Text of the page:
This function accepts the coefficient $$a$$ of the quadratic term, the coefficient $$b$$ of the linear term, and the constant $$c$$ as arguments. I created two values to hold the two possible roots of the equation. I also wanted the function to print “x = answer”, so I created values that pasted the “x =” string onto the answer. The ifelse statement at the end just says that if the two roots are equivalent, print only one of them. Otherwise, print both roots.

Now let’s see if the function works. Let’s test an equation with only one root, $$x^2 + 6x + 9 = 0$$, and an equation with two roots: $$x^2 - 8x + 15 = 0$$

quadratic(1, 6, 9)

## [1] "x = -3"

## [1] "x = 5" "x = 3"


It works! And now we have a function to help with our math homework 🙂

### Manipulating strings

Now that we’ve created a mathematical function, let’s try creating a function that manipulates strings. Let’s say we want a function that accepts a species name as an argument and returns an abbreviated version: the first letter of the genus + the rest of the species name. For example, the blue crab, Callinectes sapidus, would be shortened to C. sapidus.

shorten <- function(name){
name_split <- strsplit(name, split = " ")
genus <- substr(name, 1, 1)
species <- name_split[[1]][2]
new_name <- paste(genus, ". ", species, sep = "")
print(new_name)
}


I first used strsplit() to split up the full species name into genus and species, by specifying that I wanted the split to occur at the space between the words. The function substr() allows you to pick out specific characters in a string. I asked substr() to just take the first letter of the name. Then I created the new string by pasting together the first letter of the genus, a period and space, and the species.

shorten("Homo sapiens")

## [1] "H. sapiens"

shorten("Leiostomus xanthurus")

## [1] "L. xanthurus"


Neat! This could be really useful for shortening the names in a list of species — writing a custom function makes the process much easier.

### Functions without arguments

You can also create functions that don’t require arguments at all. For example, I could create a function that generates random coordinates for me, prints them, and plots them on a world map.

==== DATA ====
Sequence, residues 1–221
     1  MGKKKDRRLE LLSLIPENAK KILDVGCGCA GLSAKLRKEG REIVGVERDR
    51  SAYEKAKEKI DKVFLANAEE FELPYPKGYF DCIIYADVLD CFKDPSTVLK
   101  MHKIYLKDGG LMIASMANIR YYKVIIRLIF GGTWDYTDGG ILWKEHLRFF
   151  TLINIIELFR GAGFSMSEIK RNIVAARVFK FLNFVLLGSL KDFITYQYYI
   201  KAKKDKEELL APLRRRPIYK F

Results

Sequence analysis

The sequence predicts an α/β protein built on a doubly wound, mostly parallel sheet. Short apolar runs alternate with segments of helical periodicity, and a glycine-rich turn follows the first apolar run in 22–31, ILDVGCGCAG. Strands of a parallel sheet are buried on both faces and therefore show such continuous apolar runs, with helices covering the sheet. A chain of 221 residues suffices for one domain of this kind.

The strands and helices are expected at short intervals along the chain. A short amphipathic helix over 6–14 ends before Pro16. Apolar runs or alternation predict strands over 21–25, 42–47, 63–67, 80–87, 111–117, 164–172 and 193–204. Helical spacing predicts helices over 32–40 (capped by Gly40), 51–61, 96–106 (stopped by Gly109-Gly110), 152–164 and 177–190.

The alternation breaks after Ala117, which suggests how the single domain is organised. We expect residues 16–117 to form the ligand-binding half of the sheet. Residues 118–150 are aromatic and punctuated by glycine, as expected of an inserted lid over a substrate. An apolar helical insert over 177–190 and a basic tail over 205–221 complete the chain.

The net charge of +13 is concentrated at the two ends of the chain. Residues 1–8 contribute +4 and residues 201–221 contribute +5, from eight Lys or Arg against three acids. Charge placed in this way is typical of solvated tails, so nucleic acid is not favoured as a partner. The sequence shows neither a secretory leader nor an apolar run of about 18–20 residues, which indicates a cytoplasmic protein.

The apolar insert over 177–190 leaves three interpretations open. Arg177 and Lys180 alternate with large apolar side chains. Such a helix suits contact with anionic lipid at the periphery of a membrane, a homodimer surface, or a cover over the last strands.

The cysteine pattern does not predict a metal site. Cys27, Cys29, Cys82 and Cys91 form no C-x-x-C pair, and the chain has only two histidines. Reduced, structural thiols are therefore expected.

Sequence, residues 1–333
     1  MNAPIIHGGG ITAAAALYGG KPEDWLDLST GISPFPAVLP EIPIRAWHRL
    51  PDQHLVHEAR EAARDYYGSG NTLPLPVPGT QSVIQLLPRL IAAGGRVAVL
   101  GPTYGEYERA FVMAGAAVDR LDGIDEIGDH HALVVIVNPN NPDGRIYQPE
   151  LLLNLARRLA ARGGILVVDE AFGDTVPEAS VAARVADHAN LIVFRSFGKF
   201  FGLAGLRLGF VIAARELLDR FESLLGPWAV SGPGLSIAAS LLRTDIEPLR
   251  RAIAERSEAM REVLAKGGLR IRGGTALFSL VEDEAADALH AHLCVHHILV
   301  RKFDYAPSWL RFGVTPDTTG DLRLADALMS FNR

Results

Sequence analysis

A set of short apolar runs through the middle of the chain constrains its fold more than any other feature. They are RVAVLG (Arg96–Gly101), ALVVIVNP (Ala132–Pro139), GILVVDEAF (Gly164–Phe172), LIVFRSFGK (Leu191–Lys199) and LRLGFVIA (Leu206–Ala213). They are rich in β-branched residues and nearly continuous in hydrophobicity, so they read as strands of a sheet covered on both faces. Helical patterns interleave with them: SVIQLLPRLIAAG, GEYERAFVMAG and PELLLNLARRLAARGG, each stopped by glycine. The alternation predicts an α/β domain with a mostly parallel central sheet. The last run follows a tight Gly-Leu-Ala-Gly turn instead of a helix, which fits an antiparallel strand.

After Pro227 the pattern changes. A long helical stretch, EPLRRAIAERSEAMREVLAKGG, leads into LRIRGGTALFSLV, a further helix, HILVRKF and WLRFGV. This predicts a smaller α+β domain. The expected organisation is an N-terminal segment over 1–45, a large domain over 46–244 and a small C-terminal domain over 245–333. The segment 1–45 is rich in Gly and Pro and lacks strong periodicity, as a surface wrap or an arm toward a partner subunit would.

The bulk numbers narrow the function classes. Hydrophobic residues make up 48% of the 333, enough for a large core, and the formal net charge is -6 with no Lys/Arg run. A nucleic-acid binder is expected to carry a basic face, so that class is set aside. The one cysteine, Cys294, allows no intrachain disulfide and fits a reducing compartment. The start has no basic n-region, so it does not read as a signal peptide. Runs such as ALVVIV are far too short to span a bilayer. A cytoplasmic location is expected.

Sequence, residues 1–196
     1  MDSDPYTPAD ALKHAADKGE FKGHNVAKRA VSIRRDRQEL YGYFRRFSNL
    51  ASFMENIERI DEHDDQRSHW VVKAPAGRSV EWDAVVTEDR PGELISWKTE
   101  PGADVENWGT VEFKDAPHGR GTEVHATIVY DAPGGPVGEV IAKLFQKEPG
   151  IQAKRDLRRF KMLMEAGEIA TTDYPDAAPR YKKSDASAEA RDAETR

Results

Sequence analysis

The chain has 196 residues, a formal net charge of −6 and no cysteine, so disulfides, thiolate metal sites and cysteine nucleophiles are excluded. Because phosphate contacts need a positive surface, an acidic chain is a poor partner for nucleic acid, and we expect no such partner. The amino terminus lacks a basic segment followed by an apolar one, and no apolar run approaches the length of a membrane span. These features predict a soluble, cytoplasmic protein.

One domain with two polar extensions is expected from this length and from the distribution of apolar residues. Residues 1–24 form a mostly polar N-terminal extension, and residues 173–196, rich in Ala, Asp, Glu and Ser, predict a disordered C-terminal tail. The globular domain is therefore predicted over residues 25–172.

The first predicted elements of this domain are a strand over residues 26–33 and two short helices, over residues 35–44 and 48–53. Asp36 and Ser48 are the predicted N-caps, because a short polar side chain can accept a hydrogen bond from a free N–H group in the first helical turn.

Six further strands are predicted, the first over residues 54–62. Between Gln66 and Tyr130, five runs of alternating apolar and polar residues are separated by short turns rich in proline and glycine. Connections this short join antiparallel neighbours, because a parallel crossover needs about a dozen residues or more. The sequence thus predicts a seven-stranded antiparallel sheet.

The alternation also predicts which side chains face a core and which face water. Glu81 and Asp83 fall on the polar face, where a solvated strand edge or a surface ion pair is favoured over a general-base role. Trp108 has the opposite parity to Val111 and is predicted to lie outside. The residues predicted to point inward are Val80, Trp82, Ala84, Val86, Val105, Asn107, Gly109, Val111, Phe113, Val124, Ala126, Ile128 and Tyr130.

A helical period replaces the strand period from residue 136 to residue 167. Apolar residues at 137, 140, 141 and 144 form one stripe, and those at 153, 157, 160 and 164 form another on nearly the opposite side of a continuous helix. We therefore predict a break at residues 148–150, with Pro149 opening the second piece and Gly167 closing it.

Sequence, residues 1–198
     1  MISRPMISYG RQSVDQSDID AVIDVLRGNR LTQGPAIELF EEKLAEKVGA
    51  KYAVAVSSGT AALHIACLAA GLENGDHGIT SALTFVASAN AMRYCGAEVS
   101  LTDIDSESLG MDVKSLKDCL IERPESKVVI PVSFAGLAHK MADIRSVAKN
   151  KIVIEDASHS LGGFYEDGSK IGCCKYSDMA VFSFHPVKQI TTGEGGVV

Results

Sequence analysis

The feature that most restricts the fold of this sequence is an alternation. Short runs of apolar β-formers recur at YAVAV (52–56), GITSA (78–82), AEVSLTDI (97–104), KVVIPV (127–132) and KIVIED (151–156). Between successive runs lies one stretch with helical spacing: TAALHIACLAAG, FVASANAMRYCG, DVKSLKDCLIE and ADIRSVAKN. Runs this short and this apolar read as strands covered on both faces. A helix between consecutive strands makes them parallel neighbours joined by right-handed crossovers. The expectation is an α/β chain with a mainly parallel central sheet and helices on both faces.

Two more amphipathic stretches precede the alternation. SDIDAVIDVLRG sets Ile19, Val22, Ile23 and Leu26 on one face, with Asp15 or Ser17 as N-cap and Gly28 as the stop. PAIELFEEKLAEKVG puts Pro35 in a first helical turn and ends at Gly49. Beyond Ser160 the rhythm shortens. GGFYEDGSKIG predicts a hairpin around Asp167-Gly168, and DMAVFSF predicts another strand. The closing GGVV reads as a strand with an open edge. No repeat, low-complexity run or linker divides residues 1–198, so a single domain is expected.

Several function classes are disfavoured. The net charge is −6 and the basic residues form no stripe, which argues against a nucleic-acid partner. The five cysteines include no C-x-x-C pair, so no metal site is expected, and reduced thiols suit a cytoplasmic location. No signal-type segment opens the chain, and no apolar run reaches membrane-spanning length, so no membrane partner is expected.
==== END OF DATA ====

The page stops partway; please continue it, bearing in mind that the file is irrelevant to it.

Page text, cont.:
# Load necessary packages
library(tidyverse)
library(maps)
# Create the function
coords <- function(){
# Randomly sample to get a random lat and long
latitude <- runif(n = 1, min = -90, max = 90)
longitude <- runif(n = 1, min = -180, max = 180)
print(paste("Latitude: ", latitude, " Longitude: ", longitude, sep = ""))
# get data to plot a world map
world <- map_data("world")
# Plot the world map
ggplot() +
geom_map(data = world, map = world,
aes(long, lat, map_id = region),
color = "black", fill = "lightgray", size = 0.1) +
# Plot our random point on top of the world map
geom_point(aes(longitude, latitude), color = "red")
}


I used the runif() function to randomly sample one value each from the range of viable latitudes and longitudes. I used print() and paste() to display a message telling you the latitude and longitude values. Then I plotted the world map and our random point on top.

# What coordinates will I get this time?
coords()

## [1] "Latitude: -9.19832224957645 Longitude: 57.5511348154396"


# What about this time?
coords()

## [1] "Latitude: 23.1474043289199 Longitude: 147.166121229529"


These examples were just three of many, many possibilities. Whatever task or operation you can think of in R, you can code it in a function. Get creative and have fun! Happy coding!

If you liked this and want learn more, you can check out the full course on the complete basics of R for ecology right here or by clicking the link below.

Check out Luka's full course the Basics of R (for ecologists) here: